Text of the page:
Two new presidential contenders have emerged in the opposition camp. Kommersant reports that at a meeting of the Yabloko party’s federal council last weekend, party leader Grigori Yavlinsky was identified as the most suitable presidential candidate. Yavlinsky himself noted that the final decision will be made by a party congress, and didn’t rule out the possibility of someone else becoming Yabloko’s candidate. “I know at least two people who could be candidates,” he said, bud declined to name any names, since “the papers would go after them.”

According to Kommersant, Yabloko announced that the purpose of its participation in the presidential election is “to prevent democracy from being discredited.” Yavlinsky dismissed as absurd the idea that former Central Bank chairman Viktor Gerashchenko or Soviet-era dissident Vladimir Bukovsky should run for president. Yabloko’s meeting did not discuss or criticize the candidacy of former prime minister Mikhail Kasyanov. Yavlinsky only said that there had been some negotiations about the possibility of Kasyanov joining Yabloko, but as soon as Kasyanov realized that there was no possibility of him becoming the party leader, he chose a different path.

Another potential presidential candidate is Communist Party (CPRF) leader Gennadi Zyuganov. He announced his intention to run for president at a press conference on Wednesday.

“The leader of a major party – a person whom half the country has voted for – must be prepared to have the people support him,” said Zyuganov in response to a question from RIA Novosti.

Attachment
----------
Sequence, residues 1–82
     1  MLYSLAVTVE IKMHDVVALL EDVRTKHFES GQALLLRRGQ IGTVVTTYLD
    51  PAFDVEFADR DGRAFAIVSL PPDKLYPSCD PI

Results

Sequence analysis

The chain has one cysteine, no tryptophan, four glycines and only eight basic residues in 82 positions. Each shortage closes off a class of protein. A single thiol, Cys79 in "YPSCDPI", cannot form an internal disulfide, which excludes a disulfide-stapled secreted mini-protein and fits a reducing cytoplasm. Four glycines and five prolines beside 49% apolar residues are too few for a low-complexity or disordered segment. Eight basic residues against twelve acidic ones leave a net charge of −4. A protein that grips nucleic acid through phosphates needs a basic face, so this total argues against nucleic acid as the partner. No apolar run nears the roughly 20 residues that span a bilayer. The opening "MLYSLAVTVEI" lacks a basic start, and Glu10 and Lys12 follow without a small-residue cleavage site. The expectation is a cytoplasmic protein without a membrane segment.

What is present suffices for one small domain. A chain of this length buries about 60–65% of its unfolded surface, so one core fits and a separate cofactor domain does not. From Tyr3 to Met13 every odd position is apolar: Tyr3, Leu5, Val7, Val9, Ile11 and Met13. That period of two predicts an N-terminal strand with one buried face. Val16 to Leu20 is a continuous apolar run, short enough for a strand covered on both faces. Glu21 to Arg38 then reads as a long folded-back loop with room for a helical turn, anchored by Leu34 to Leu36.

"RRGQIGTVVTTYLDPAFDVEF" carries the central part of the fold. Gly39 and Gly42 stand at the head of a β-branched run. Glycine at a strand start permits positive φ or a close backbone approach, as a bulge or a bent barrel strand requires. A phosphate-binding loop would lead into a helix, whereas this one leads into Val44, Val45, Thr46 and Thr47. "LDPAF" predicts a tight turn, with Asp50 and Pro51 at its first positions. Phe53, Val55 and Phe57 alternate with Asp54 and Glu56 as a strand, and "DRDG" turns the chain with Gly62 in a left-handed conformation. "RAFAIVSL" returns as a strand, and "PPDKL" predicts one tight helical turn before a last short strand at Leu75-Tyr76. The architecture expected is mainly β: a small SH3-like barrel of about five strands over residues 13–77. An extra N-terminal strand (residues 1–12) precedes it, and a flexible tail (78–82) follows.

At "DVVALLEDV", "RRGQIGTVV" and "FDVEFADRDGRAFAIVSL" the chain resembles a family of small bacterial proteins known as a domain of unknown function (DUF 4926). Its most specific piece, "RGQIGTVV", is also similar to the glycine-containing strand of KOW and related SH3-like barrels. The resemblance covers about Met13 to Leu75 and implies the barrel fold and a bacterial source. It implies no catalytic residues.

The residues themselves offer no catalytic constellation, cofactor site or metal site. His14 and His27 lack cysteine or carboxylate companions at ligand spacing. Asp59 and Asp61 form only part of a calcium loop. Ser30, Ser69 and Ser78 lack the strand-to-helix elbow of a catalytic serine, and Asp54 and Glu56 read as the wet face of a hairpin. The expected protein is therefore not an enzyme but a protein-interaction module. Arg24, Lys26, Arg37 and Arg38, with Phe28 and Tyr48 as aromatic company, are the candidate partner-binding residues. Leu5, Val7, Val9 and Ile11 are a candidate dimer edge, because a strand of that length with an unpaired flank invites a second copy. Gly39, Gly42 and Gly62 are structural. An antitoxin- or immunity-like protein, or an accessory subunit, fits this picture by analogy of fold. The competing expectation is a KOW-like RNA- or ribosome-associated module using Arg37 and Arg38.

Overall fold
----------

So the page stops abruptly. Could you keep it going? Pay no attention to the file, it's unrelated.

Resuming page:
Newsru.com notes that Zyuganov’s comments about his own popularity were quite flattering: “There are only four or five people in Russia whose names are known in every village.” Moreover, the CPRF leader described himself as a substantial and experienced politician, saying that he has held about 350 meetings with members of the public in the past year, and at many of these meetings he “was asked about plans to run for president.”

Zyuganov noted that the final and official decision regarding the CPRF’s presidential candidate in 2008 will be made at a party congress.

Smart Money magazine doesn’t attempt to guess the name of Vladimir Putin’s successor, but argues that he is sure to be an economic liberal.

According to Smart Money, the powerful influx of money that is entering Russia thanks to high oil prices will be reversed three years from now. Thus, comparisons with the Putin era will not be in the new president’s favor. He will need to think about attracting investment, and this will force the state to abandon the role of Russia’s major investor, which it has assumed in recent years, yielding this role to the private sector. Maintaining labor productivity growth rates will become an increasingly acute problem, requiring job cuts.

Russia’s third president will also face the task of deregulating domestic prices for electricity and gas, in order to stave off an infrastructure collapse. The average Russian family spends 8.3% of its income on housing and communal services fees, but following deregulation this will rise to 20%, like in other countries with deregulated utilities markets.

Valery Mironov, an analyst from the Development Center, describes the next president’s greatest challenge as follows: “We are on the threshold of a transition from the first stage of growth in Russia’s ability to compete, based on cheap energy and labor, to the second stage, based on being attractive to investors.”

Smart Money concludes that Russia’s third president won’t be able to use “the heady effect of petrodollars” as an excuse for inaction.